Why Have We Never Heard Of the Juggernaut Retailer At Home?
By Tina Traster
One of the nation’s fastest growing retailers you may have never heard of is taking over the ground floor of the Macy’s location at The Shops at Nanuet. Macy’s announced this week that it is closing after a half century.
This is the first store At Home (NYSE:HOME), the Plano, Texas-based home decor superstore retailer, will open in Rockland County, and the 78h in New York. The chain, which has 177 locations in 36 states, opened a superstore in Middletown last August, and is underway with another in Long Island. They plan to grow the chain 20% annually to 600 stores.
“The Nanuet market is vibrant,” said At Home CEO Lee Bird. “We like lifestyle centers with open mall concepts. The (Macy’s) store was the right size, and we are excited about the New York Metro area.”
At Home is scheduled to open the 100,000-square-foot store here in 2021, according to a company spokesperson. The company has signed a 10-year lease. At Home is waiting for Macy’s to vacate the premises, and to decommission the escalators that connect the second and lower floor, so the space can be sealed off. Once they have an open-box format ready to go, it takes about four months to open.
the Macy’s location will have 35 to 40 employees, compared to a typical big box that employs closer to 200 workers.
The brand is a “self-help,” warehouse-style home décor superstore that generally sells more than 50,000 home furnishing items in a variety of styles and for low prices. Offerings include furniture, mirrors, rugs, art, housewares, patio, and seasonal products. At Home does not sell online. The company believes women, who comprise 85% of its consumer base, want a tactile shopping experience. More than 400 new products arrive on the shelves weekly.
The big box store’s formula pairs private-label design with low prices – cutting competitors by 30%. The CEO says the “super low-cost structure” is what allows the brand to compete. The company looks for second-generation box stores to locate in. It keeps its team small – the Macy’s location will have 35 to 40 employees, compared to a typical big box that employs closer to 200 workers. Between four to six sales people will work the floor, rising to 8-10 during busier retail seasons. Employees will be paid market-rate wages with benefits, Bird said.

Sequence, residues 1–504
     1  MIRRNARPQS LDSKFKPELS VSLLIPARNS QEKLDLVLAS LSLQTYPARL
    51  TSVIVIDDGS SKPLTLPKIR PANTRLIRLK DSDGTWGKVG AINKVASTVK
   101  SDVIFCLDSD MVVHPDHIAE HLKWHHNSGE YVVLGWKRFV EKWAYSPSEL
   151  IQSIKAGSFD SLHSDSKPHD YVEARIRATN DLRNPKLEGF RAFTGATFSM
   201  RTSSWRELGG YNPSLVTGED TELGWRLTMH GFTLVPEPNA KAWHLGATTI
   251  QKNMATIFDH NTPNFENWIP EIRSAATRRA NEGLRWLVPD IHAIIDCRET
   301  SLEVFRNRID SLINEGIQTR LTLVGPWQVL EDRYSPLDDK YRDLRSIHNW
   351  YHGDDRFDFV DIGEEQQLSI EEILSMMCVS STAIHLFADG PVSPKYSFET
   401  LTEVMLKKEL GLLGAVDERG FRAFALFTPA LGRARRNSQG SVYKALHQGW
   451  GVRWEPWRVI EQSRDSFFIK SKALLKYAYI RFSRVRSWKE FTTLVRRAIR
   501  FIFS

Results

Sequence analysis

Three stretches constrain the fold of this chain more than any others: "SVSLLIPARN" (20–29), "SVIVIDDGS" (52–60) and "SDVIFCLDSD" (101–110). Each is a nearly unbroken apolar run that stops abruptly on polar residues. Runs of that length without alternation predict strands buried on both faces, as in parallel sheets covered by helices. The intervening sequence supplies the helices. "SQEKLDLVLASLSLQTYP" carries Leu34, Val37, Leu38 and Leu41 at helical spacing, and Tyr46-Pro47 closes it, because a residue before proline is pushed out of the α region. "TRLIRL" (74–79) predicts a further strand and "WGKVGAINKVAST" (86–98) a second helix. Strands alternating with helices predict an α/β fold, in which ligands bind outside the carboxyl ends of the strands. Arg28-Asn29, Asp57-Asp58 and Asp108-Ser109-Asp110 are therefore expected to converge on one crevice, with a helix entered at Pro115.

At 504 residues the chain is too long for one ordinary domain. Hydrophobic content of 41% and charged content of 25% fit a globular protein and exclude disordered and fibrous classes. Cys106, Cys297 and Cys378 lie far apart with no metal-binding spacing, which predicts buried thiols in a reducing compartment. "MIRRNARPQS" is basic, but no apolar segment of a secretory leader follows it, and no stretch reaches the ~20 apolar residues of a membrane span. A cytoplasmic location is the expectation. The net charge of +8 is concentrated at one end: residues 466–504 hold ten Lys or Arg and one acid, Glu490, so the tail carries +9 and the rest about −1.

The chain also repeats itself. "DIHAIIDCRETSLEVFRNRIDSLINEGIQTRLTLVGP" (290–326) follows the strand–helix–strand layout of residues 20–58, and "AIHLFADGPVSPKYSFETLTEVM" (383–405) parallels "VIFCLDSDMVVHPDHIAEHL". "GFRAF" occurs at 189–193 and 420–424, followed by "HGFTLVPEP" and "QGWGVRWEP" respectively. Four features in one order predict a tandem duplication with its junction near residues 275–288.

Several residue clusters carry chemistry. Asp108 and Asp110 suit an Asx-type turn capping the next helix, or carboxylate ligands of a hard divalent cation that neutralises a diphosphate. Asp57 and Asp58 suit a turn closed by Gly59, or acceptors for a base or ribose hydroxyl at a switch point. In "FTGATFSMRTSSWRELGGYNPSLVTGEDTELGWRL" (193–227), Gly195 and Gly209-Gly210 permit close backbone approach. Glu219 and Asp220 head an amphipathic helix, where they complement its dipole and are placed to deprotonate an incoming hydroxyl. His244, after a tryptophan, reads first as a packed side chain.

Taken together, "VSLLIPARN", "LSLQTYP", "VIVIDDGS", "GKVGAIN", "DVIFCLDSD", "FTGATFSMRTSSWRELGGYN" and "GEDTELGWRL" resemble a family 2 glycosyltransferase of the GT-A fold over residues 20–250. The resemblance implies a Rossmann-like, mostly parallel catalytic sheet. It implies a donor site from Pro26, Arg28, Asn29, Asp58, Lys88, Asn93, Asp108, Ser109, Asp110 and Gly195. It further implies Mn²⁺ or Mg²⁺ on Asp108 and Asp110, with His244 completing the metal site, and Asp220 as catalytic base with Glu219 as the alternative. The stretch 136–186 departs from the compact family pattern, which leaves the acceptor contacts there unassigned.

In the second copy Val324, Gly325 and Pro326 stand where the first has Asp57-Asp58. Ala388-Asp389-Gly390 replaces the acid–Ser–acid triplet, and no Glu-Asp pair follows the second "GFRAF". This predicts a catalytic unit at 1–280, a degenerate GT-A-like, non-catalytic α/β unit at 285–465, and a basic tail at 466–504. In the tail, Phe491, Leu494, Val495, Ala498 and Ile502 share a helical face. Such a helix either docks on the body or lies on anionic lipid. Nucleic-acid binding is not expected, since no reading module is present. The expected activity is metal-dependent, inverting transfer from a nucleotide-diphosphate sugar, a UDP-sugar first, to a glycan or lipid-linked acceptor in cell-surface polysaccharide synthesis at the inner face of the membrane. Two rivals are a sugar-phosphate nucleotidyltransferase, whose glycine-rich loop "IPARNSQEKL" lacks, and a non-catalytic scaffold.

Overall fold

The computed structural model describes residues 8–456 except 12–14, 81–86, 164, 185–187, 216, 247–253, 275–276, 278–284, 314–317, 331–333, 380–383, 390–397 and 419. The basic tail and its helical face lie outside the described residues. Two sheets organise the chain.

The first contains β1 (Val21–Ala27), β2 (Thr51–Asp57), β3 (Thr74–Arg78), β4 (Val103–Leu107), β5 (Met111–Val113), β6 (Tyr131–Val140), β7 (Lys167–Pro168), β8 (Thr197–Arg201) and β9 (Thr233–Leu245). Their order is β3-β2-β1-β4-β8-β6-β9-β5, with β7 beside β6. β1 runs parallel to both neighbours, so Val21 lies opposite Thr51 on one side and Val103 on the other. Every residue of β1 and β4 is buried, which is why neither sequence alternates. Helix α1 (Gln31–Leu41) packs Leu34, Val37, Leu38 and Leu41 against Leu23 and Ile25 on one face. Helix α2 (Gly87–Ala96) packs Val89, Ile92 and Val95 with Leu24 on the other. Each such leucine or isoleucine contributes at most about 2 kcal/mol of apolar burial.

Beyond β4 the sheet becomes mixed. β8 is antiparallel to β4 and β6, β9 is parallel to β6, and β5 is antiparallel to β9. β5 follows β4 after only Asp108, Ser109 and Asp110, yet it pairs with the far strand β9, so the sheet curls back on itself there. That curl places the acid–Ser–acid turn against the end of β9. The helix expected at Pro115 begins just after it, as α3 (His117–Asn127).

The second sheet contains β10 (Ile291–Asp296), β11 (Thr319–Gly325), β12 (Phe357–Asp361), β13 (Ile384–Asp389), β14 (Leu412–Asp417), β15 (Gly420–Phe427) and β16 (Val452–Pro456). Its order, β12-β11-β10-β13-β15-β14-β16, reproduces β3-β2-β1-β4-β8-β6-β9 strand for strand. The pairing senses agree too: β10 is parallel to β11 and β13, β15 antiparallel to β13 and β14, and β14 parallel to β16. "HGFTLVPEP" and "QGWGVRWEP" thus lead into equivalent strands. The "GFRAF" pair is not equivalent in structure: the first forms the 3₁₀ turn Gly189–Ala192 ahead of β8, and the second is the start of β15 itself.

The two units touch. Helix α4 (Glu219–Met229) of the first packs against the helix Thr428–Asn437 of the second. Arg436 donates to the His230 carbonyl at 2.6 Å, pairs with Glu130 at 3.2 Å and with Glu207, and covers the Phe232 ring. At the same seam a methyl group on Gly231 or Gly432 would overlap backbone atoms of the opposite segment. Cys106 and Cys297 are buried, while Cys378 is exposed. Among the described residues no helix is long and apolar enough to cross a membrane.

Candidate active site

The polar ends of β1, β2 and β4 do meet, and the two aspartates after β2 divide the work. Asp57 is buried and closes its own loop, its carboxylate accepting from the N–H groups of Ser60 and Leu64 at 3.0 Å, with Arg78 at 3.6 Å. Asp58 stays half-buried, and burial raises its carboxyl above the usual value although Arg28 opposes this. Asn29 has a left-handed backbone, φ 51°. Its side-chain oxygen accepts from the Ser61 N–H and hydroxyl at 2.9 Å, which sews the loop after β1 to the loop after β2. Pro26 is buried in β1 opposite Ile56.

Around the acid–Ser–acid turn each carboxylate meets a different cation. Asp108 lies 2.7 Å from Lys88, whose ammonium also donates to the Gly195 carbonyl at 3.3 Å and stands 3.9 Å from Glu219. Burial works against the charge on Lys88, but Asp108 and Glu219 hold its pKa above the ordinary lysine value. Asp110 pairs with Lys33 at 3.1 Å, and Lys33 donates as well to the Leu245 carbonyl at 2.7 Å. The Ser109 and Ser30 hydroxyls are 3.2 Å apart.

The company has been an interesting one to watch as it has been on a steep upward trajectory at a time when so many other big boxes are going for bust. Bird says the company’s big box is built to weather economic downturns because the merchandise is geared toward “life chapters” like redecorating the teen room, the college dorm, the existing home. Even if people feel trapped in their homes, unable to buy or sell, they still want to decorate their spaces. The average store item costs $15; the average purchase is $65.
The highly-fragmented home furnishings market is a $180 billion market in annual revenue, with a growth rate of about 3% a year. New At Home stores generate between $4 and $6 million in the opening year.
The CEO isn’t worried about the brand’s lack of name recognition. “We are still young and people are learning about us,” he said. He’s confident At Home will fit into The Malls at Nanuet’s high-end retail mix. “Consumers are very careful with their money, especially since the great recession,” said Bird. “Value players (like At Home) mix well with moderate and luxury brands.”
The company was founded more than 35 years ago as the Garden Ridge brand, which filed for Chapter 11 bankruptcy protection in 2004 amid failed lease negotiations and underwent a major reorganization that included closing ten stores. After the reorganization the corporation emerged from Chapter 11 in 2005. Garden Ridge cycled through two new owners until its current investor team bought it and the converted its stores to the At Home brand. In August 2016, the company went public.
Prior to heading up At Home, Bird served as president of Nike Affiliates for Nike Inc., chief operating officer at Gap, and chief financial officer at Old Navy
At Home’s stock is down to 28.50 from a high of 42 this summer, and its earnings per share are down 32 cents to 13 cents. Nevertheless, Wall Street analysts are bullish on At Home, viewing it as an outlier in the vulnerable big box category that is well positioned to capture the trendy but price-conscious market.
Since Lee Bird took the reins as chief executive at the beginning of 2013, At Home has delivered revenue growth at a 20% compounded annual rate over the past four years. “We’ve had 18 consecutive quarters of positive comparable store sales growth, and 17 consecutive quarters of 20 percent revenue growth,” said Lee. “We believe we have a successful concept.”